They may be hard to spot, but there are good guys
By Carol Butcher
I grew up on a diet of cowboy movies. Film-makers made life easy – the cowboys, portrayed by the likes of John Wayne (the Duke). Clint Eastwood, Paul Newman and Robert Redford, were the ‘good guys’. The American Indians portrayed by Jay Silverheels, Chief Dan George, Will Sampson and the Navajo people were the ‘bad guys’.
Real life is much more nuanced and far more complex. Living in South Africa, I have often commented that I am not always certain who the ‘good guys are” and who the “bad guys are.”
Those who have read Jacques Pauw’s controversial book, “The President’s Keepers” are more confident in expressing an opinion than I, but admittedly I have not yet read the book. I must also confess I have not read Pieter-Louis Myburgh’s “The Republic of Gupta.”
Stories about corruption dominate our daily news – Steinhoff, the Guptas, Eskom, the City of Johannesburg’s Finance Department and City Power; the list seems endless, and it also appears to be growing, daily. Against this background, it is easy to paint a picture of South Africa as a gangster’s paradise, and rotten to the core.
There is no denying that corruption runs deep. The problem is if one focuses only on the negatives, one loses sight of the fact that there are millions of upstanding, outstanding, ethical South Africans, and these individuals constitute the majority.
Amidst all the doom and gloom, and negativity in our country, the Carte Blanche interview with Evert du Preez and Mokoni Chaka last Sunday was a breath of fresh air. In fact, I would go so far as to say it was akin to soaking rain breaking South Africa’s devastating drought countrywide.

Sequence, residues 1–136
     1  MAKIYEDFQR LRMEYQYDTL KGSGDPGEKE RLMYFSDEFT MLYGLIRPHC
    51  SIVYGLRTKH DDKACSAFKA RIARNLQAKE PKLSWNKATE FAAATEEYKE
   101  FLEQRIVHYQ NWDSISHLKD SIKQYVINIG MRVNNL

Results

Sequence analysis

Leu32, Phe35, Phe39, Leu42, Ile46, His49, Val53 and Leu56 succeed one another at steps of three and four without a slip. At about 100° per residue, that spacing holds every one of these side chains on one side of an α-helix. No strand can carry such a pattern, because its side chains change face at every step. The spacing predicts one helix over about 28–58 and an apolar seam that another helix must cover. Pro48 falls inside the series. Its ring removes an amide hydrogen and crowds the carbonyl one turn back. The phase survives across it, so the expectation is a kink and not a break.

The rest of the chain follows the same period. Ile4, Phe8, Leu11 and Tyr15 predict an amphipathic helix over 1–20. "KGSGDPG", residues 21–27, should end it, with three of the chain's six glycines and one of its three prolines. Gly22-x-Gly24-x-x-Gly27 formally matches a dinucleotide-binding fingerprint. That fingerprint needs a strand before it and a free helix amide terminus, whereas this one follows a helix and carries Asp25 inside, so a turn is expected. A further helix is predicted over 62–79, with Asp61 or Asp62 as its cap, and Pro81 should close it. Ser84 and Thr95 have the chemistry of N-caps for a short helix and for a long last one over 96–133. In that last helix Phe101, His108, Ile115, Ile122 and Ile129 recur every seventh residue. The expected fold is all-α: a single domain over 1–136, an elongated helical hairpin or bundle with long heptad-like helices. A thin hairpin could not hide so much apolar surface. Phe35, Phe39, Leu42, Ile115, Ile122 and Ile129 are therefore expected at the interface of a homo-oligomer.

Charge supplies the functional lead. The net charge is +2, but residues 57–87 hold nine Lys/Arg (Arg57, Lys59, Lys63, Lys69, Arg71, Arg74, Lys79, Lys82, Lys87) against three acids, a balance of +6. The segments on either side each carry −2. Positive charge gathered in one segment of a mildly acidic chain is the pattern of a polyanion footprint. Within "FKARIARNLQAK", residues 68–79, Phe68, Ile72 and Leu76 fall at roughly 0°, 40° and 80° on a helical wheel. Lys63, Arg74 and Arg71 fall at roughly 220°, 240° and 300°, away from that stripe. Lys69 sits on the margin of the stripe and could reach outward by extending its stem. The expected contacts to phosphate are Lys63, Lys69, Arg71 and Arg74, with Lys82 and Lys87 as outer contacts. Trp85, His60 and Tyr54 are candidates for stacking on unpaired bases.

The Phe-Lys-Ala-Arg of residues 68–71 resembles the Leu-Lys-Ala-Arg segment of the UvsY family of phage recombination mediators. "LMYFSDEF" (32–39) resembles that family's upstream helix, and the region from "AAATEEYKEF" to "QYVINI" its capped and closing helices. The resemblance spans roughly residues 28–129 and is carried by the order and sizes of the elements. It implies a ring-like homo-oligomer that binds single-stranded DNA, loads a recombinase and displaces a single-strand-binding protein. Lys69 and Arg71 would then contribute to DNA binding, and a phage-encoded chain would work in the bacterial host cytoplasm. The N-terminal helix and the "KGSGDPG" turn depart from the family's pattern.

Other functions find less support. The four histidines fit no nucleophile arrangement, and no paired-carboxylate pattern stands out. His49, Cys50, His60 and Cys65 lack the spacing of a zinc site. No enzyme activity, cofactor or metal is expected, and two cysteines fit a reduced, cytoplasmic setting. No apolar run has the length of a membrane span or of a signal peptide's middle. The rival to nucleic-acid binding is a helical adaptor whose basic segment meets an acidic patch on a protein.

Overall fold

Evert and Mokoni are only twelve years old. They have demonstrated tremendous leadership and courage. Mere boys, they did not wait for permission, they acted; they rescued elderly passengers and babies from Shosaloza Meyl when the train was hit by a truck at a crossing between Hennenman and Kroonstad.
Their bravery impressed, but their authentic friendship, trust and genuine affection for one another impressed even more. What stood out for me in the interview was how the two boys are truly multi-lingual. In fact, Evert seemed to be most at home speaking Sesotho than Afrikaans. Do watch the clip: https://twitter.com/Lean3JvV/status/949279007094247435. Also worth watching is the Netwerk24 video entitled: “Hier is Vierkleur nie ’n probleem nie.”
As a very wide range of stakeholders in South Africa, work vigorously to stamp out corruption in government, and the public and private sector, more dirt will be unearthed. While the focus must be on routing out corruption and eliminating fraud and misconduct in any of its guises, and bringing those guilty thereof to book, the focus must be equally on rebuilding trust and confidence in South Africa.
Evert and Mokoni provide hope that Madiba’s vision of building a rainbow nation is possible. We need to overcome enormous obstacles. However, when South Africans work together, our nation is unstoppable, and this lofty vision, achievable.